Carter, Gordon William

Gordon William 


1919 - 1939
Service no.P/SSX19717
Born June 27, 1919
DiedOctober 14, 1939


Gordon William

Gateway School 1933-36

Son of William and Lilian Carter. Husband of Mary Carter.

On the night of the 14th October 1939, the German submarine U-47 commanded by Gunther Prien, managed to evade the anti-submarine defences of Scapa Flow. Prien found the battleship Royal Oak at anchor and fired two salvoes of torpedoes, ripping out the bottom out of the ship which sank in ten minutes. Among the 833 members of her crew who died was Able Seaman Carter. He is commemorated on the Portsmouth Naval Memorial, Panel 33, Column 2. Prien returned to a hero’s welcome in Germany, which included a triumphal procession through Berlin. He died on the 7th March 1941, when U-47 was sunk with all hands in the North Atlantic.

History information

After the First World War, an appropriate way had to be found of commemorating those members of the Royal Navy who had no known grave, the majority of deaths having occurred at sea where no permanent memorial could be provided.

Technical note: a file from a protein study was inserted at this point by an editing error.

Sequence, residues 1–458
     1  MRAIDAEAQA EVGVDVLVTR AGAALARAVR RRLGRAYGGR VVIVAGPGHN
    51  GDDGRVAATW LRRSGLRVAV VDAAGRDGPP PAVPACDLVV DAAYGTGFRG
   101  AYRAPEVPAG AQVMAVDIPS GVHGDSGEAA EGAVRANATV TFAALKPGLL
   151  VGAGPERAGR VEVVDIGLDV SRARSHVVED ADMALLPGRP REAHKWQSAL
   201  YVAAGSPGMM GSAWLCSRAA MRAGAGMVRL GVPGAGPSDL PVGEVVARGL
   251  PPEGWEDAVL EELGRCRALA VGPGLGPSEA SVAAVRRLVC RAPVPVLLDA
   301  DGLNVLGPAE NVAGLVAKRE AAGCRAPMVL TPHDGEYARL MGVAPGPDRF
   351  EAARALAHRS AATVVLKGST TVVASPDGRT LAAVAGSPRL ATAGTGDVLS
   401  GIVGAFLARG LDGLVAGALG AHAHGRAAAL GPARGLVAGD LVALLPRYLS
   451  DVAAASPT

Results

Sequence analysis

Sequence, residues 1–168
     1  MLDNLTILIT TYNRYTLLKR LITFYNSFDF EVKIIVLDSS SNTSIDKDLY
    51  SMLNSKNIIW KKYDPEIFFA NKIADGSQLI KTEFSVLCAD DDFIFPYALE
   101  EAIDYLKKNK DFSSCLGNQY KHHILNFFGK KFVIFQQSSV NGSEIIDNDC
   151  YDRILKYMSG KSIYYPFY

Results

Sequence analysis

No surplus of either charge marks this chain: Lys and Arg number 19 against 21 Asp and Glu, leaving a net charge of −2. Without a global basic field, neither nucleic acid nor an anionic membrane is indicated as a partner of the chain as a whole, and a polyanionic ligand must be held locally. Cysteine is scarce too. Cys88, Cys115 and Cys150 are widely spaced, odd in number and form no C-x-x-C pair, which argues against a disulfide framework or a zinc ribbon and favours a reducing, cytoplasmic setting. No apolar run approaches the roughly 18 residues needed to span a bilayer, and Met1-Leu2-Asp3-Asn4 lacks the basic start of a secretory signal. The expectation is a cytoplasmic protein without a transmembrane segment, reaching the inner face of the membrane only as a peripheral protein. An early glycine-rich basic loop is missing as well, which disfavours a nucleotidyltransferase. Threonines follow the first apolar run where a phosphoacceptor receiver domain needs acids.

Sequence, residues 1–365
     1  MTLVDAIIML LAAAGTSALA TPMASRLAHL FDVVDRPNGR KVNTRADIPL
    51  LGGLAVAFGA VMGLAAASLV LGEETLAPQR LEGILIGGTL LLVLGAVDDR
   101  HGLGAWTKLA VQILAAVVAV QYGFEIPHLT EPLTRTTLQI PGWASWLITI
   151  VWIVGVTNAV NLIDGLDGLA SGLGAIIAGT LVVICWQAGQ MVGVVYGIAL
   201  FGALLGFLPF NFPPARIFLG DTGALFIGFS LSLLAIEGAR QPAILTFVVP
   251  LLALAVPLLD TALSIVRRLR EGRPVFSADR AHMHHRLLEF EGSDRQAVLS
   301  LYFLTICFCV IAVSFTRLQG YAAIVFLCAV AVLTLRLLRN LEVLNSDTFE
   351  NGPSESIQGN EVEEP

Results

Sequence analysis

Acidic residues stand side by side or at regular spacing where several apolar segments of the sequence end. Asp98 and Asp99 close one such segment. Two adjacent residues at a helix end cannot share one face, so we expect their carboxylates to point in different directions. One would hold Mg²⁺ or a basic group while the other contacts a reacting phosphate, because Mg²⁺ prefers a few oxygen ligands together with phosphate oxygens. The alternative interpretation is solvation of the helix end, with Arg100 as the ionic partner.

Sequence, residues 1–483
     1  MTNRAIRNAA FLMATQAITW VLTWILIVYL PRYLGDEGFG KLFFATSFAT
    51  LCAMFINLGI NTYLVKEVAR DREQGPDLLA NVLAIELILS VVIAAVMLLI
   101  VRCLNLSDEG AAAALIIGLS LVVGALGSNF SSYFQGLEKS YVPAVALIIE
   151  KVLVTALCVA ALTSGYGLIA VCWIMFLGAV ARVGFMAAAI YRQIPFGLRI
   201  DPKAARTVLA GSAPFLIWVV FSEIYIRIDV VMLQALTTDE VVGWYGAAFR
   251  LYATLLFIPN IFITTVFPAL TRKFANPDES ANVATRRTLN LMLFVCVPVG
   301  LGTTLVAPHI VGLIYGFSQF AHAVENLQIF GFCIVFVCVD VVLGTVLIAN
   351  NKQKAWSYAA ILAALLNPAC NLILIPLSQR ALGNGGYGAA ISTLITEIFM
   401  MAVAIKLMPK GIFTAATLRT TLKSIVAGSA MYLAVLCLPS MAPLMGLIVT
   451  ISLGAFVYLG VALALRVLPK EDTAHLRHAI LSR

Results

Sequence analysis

An Admiralty committee recommended that the three manning ports in Great Britain – Chatham, Plymouth and Portsmouth – should each have an identical memorial of unmistakable naval form, an obelisk, which would serve as a leading mark for shipping. The memorials were designed by Sir Robert Lorimer, who had already carried out a considerable amount of work for the Commission, with sculpture by Henry Poole. The Portsmouth Naval Memorial was unveiled by the Duke of York (the future George VI) on 15 October 1924.

After the Second World War it was decided that the naval memorials should be extended to provide space for commemorating the naval dead without graves of that war, but since the three sites were dissimilar, a different architectural treatment was required for each. The architect for the Second World War extension at Portsmouth was Sir Edward Maufe (who also designed the Air Forces memorial at Runnymede) and the additional sculpture was by Charles Wheeler, William McMillan, and Esmond Burton. The Extension was unveiled by the Queen Elizabeth, the Queen Mother on 29 April 1953.

Portsmouth Naval Memorial commemorates around 10,000 sailors of the First World War and almost 15,000 of the Second World War.